Good, better, best

Canadian boards can expect a familiar message when they take their first calls from Stephen Erlichman, new executive director of the Canadian Coalition for Good Governance

Insider Stephen Erlichman

Who Since September, executive director of the Canadian Coalition for Good Governance

Involvement The CCGG, which is led by and represents Canadian institutional shareholders, has emerged as the country’s most influential shareholder rights organization. It actively campaigns for initiatives like majority voting and say-on-pay, and promotes good governance via policy papers and best practices documents. Recently, it pioneered the practice of meeting directly with the chairs and boards of companies its members hold. While board-driven, the CCGG’s point person is its executive director. From 2008 until early 2011, that was Stephen Griggs. Now that power and responsibility has passed to his successor, corporate securities lawyer Stephen Erlichman.

Listed You started this job only recently. How did it come about?

Stephen Erlichman I knew this position was available and asked Stephen Griggs if it made sense for a person like me—you know, a person with a Harvard MBA, a bunch of law degrees and who has done a lot of things over the last 30 years including policy issues—to consider it. He told me I’d love it. So I went to lunch with David Denison, past chair of the CCGG, and he asked if I would send my resume. That started the process.

Listed What should people know about you?

Stephen Erlichman I’m a corporate securities lawyer who has practiced for 30 years, so I’ve seen just about everything in the area—from M&A to corporate finance to private equity. I’m probably best-known for investment products and probably the report for the Canadian Securities Administrators in 2000 on my recommendations to establish a governance regime for mutual funds across Canada. There are a handful of laws in Canada that flow directly from that report.

Listed The CCGG has spent a lot of time meeting with corporate directors in recent years to talk about a myriad of issues. Do you expect that to continue?

Stephen Erlichman We are still meeting with 40 or 50 companies a year. We’re trying to meet with the chairman of the board and the chair of the compensation committee. I’m already scheduled to start some. We’ll be doing these together with at least one board member. Where these companies are doing things in terms of governance that are outside [CCGG] guidelines, we try to get them to change. We started at the top level with the thought process that if we can get the big companies to do things like majority voting, ultimately you will get other companies to follow.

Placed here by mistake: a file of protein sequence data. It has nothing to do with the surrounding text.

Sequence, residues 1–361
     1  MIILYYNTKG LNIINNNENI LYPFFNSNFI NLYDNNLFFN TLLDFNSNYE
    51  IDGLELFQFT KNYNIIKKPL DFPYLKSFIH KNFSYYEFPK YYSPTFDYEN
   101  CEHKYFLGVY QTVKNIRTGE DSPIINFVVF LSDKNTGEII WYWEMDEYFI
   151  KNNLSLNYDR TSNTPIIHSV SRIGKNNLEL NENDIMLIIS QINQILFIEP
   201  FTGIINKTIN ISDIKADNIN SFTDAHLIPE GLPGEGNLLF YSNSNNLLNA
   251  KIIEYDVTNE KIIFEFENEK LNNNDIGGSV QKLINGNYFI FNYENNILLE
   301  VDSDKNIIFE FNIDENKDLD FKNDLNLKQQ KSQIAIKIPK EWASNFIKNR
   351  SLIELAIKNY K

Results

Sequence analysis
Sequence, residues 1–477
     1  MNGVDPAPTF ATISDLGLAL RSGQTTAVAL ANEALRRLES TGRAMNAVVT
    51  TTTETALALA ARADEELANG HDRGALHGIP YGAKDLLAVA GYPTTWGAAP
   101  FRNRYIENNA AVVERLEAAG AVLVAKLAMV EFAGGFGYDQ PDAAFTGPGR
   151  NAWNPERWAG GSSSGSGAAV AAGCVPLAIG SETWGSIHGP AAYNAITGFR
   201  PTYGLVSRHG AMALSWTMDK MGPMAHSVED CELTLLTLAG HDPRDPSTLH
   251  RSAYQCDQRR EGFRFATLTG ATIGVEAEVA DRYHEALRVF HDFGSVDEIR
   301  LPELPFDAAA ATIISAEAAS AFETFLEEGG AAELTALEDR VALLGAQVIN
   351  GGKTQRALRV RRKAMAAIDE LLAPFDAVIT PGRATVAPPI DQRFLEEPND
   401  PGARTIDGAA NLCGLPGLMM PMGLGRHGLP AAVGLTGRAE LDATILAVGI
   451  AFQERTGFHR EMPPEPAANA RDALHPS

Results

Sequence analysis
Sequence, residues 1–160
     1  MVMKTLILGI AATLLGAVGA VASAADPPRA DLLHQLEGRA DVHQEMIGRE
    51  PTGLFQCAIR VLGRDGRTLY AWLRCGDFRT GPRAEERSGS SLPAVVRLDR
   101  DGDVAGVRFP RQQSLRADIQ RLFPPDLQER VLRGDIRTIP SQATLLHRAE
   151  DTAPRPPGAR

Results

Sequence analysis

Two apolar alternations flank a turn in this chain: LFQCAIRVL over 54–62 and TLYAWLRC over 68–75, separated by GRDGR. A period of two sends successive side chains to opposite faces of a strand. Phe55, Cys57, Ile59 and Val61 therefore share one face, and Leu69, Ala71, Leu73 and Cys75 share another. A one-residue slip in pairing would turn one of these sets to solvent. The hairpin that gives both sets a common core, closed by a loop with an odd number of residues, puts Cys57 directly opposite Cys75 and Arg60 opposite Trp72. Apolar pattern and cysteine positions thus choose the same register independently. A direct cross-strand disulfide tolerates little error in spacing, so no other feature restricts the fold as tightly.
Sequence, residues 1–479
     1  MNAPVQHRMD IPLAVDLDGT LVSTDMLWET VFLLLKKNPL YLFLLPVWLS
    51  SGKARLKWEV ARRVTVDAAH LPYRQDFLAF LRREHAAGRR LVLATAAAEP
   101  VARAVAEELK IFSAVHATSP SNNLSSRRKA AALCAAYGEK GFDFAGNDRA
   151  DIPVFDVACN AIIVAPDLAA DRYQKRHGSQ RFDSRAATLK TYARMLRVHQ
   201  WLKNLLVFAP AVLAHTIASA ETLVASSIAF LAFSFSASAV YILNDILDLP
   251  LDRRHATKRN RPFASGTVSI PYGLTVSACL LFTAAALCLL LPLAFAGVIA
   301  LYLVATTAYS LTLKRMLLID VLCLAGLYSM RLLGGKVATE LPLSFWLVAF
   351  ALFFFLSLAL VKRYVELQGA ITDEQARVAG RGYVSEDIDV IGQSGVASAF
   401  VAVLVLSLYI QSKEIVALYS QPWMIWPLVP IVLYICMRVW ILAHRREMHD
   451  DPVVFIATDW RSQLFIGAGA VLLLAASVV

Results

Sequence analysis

What we’ve found is it isn’t just CCGG-driven. And there are various companies calling us asking to do a board engagement so they can find out what they are doing right and what they can do better.

Listed Executive, and specifically CEO, compensation has been a hot-button topic for your organization. But CEO salaries still make headlines. Why?

Stephen Erlichman The issue with compensation is creating a system that best aligns management with the interests of the stakeholders of the company and not just the short-term stakeholders, but the long-term stakeholders. The compensation system established in the last 15 years that focuses a lot on options wasn’t thought out that well. It misaligns the interests of management versus shareholders because it means management is primarily interested in getting the option price in the money because they make most of their money through options. There’s a movement trying to best align the interests of management with the long-term perspective of the company. A lot of people think it is time to look at not the quantity of compensation, but the structures, with the focus on shareholders and other key stakeholders.

Listed For a working lawyer, you’ve been an active writer and quite outspoken on numerous topics related to securities reform. It would seem to make you a good fit for this role.

Stephen Erlichman In my writing I’ve been critical of some of the things we do in Canada and nudged people to do things a different way. Hopefully when I have a chance to sit back in this role I can look at what we can do better and what we can do better for Canada. That was ultimately one of the reasons I took this on.

Interview by Robert Thompson

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